Chuck Jones

As we age, we often ponder the meaning and quality of our lives.

One measure of a successful life is how many other people’s lives we have touched in a positive way. One of the 20th century’s leaders in that regard passed away last week.

Animator Chuck Jones was one of the key figures who developed the Warner Brothers “Merrie Melodies” and “Looney Tunes” cartoons that featured characters like Daffy Duck, Porky Pig and, of course, Bugs Bunny.

He worked on hundreds of cartoons for Warner Brothers in a career that lasted from the 1930s through the early 1960s. For most of that time, the cartoons were shown as lead-ins to motion pictures in movie theaters (instead of the 10 minutes or more of previews we get now). But as television grew as an entertainment medium, the Warner Brothers cartoons — most of which were directed or worked on in some way by Jones — became Saturday morning staples, as well as at various times during the rest of the week. When the number of TV channels exploded with the advent of cable, it was possible at times (or it seemed so anyway) to find a Warner Brothers cartoon on during any single channel surfing session at any time of day.

Now, I would like every reader of this piece who has never seen a Looney Tunes cartoon to raise his or her hand.

Hmmm. Not seeing any hands up.

You would literally have to be a recent immigrant or never exposed to television to have never seen a Jones-influenced cartoon. And even if you have only seen one Looney Tunes or Merrie Melodies cartoon in your life, you probably smiled while you were watching it. But to take some license with a famous advertising slogan, almost no one has seen just one.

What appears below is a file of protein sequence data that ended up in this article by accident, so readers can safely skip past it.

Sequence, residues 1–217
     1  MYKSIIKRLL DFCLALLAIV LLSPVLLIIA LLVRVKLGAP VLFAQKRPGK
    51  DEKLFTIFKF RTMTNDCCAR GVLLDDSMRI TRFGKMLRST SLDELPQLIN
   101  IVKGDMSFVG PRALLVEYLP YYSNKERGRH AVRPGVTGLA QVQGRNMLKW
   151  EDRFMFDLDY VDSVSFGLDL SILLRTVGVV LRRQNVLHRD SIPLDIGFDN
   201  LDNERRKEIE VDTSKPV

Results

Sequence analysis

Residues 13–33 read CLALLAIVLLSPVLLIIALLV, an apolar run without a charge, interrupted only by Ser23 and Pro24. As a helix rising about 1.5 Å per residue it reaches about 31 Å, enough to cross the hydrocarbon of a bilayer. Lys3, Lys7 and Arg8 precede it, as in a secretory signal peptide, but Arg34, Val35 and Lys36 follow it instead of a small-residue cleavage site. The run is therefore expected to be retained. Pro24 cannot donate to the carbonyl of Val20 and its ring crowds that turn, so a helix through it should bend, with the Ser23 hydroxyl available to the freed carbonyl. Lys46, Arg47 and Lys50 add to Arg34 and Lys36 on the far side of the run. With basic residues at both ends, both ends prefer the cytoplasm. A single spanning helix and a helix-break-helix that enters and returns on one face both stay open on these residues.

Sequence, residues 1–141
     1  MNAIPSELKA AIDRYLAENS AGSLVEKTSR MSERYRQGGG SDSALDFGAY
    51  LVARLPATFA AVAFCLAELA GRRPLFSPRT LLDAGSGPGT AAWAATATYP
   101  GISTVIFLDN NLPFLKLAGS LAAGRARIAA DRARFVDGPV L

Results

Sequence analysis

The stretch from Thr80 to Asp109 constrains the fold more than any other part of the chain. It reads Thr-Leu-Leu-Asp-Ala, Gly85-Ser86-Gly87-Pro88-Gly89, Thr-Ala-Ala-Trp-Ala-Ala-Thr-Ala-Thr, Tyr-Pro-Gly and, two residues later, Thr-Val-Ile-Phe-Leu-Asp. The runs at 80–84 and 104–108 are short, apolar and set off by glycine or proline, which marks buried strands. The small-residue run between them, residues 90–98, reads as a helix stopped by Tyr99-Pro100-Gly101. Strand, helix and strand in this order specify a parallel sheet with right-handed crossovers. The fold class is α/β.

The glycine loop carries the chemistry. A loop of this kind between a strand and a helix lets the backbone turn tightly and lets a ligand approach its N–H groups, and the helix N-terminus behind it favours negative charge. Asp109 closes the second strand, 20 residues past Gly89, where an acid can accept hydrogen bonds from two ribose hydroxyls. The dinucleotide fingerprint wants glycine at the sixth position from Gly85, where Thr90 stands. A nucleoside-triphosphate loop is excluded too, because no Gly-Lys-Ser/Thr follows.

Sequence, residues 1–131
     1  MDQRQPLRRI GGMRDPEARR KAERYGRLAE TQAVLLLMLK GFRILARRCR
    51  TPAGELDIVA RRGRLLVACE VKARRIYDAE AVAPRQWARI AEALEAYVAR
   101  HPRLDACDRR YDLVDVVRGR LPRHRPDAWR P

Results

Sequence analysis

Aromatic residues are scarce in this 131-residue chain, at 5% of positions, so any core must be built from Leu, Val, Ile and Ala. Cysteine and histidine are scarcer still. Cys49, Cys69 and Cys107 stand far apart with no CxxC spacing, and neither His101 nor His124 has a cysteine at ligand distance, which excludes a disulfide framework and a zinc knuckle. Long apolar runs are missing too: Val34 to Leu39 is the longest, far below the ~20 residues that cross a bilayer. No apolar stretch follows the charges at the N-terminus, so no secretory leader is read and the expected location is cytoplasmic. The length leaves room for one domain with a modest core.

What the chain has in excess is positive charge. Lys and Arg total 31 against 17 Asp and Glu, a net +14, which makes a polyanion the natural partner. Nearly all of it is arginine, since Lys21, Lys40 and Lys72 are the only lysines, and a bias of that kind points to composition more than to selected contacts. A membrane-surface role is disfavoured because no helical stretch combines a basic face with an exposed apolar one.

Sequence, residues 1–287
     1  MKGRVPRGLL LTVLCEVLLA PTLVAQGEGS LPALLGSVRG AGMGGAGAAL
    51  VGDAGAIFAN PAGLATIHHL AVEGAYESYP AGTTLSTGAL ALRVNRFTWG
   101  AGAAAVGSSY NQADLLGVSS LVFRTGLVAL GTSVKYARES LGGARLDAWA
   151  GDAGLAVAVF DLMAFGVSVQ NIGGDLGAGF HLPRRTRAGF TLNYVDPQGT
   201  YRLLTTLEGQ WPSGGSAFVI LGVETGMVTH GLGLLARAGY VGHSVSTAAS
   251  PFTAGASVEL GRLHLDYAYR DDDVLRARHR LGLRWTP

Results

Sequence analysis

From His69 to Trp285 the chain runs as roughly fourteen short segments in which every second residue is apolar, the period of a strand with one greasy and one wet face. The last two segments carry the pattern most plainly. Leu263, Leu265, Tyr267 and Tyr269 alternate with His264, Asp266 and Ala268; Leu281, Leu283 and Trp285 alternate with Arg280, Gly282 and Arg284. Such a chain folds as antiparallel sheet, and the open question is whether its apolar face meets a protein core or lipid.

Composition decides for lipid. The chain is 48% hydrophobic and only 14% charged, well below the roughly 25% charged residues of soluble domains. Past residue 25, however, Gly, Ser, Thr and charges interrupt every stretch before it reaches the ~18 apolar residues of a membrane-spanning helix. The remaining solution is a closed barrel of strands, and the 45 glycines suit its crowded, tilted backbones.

The chances are very good that you have seen several, tens and maybe even hundreds of the Jones-influenced cartoons. He helped create Daffy Duck and Porky Pig, and later he created the Road Runner, Wile E. Coyote and Pepe LePew, among many others.

This genre of animation is tightly woven into the American fabric. It’s part of our everyday lives. Avid movie watchers will confirm the fact that scenes which include a television set playing in the background often are playing Looney Tunes audio and-or video. That’s because movie directors, in their desire to create real-life scenes, realize that in fact the Warner Brothers cartoons are perhaps the most frequently shown and watched of any entertainment source since the advent of television.

Why? Because they are funny. They make us laugh, and they make our kids laugh. We can watch Daffy Duck get his beak blown off his face by Elmer Fudd’s shotgun, spin around wildly and laugh at which different position it settles in each time. Director Peter Bogdanovich said it best when he said the Jones cartoons are universal and timeless.

After leaving Warner Brothers, Jones went to work for MGM and directed Tom and Jerry cartoons, and worked with Theodore Geisel (Dr. Seuss) to animate his classic stories, “Horton Hears a Who” and “How the Grinch Stole Christmas.” It is the rare soul indeed who has never heard of the Grinch, but chances are you saw the cartoon instead of reading the book.

Chuck Jones’ work will live forever. A thousand years from now, Wile E. Coyote will still be chasing the Road Runner, and still will have not caught up to him. It will be as funny then as it is today.

As of Saturday evening, the United States Census Bureau estimated that there were 286,507,896 people living in the United States. Jones’ legacy will be not only that of a great animator and writer, but as a man who touched the lives of 286 million or so people, almost all in a very positive way.

We would be hard-pressed to find a life anywhere, any time, that was lived any more successfully, based on that measure.

Mr. Tom Mitsoff is a daily newspaper editor and syndicated editorial columnist. His web address is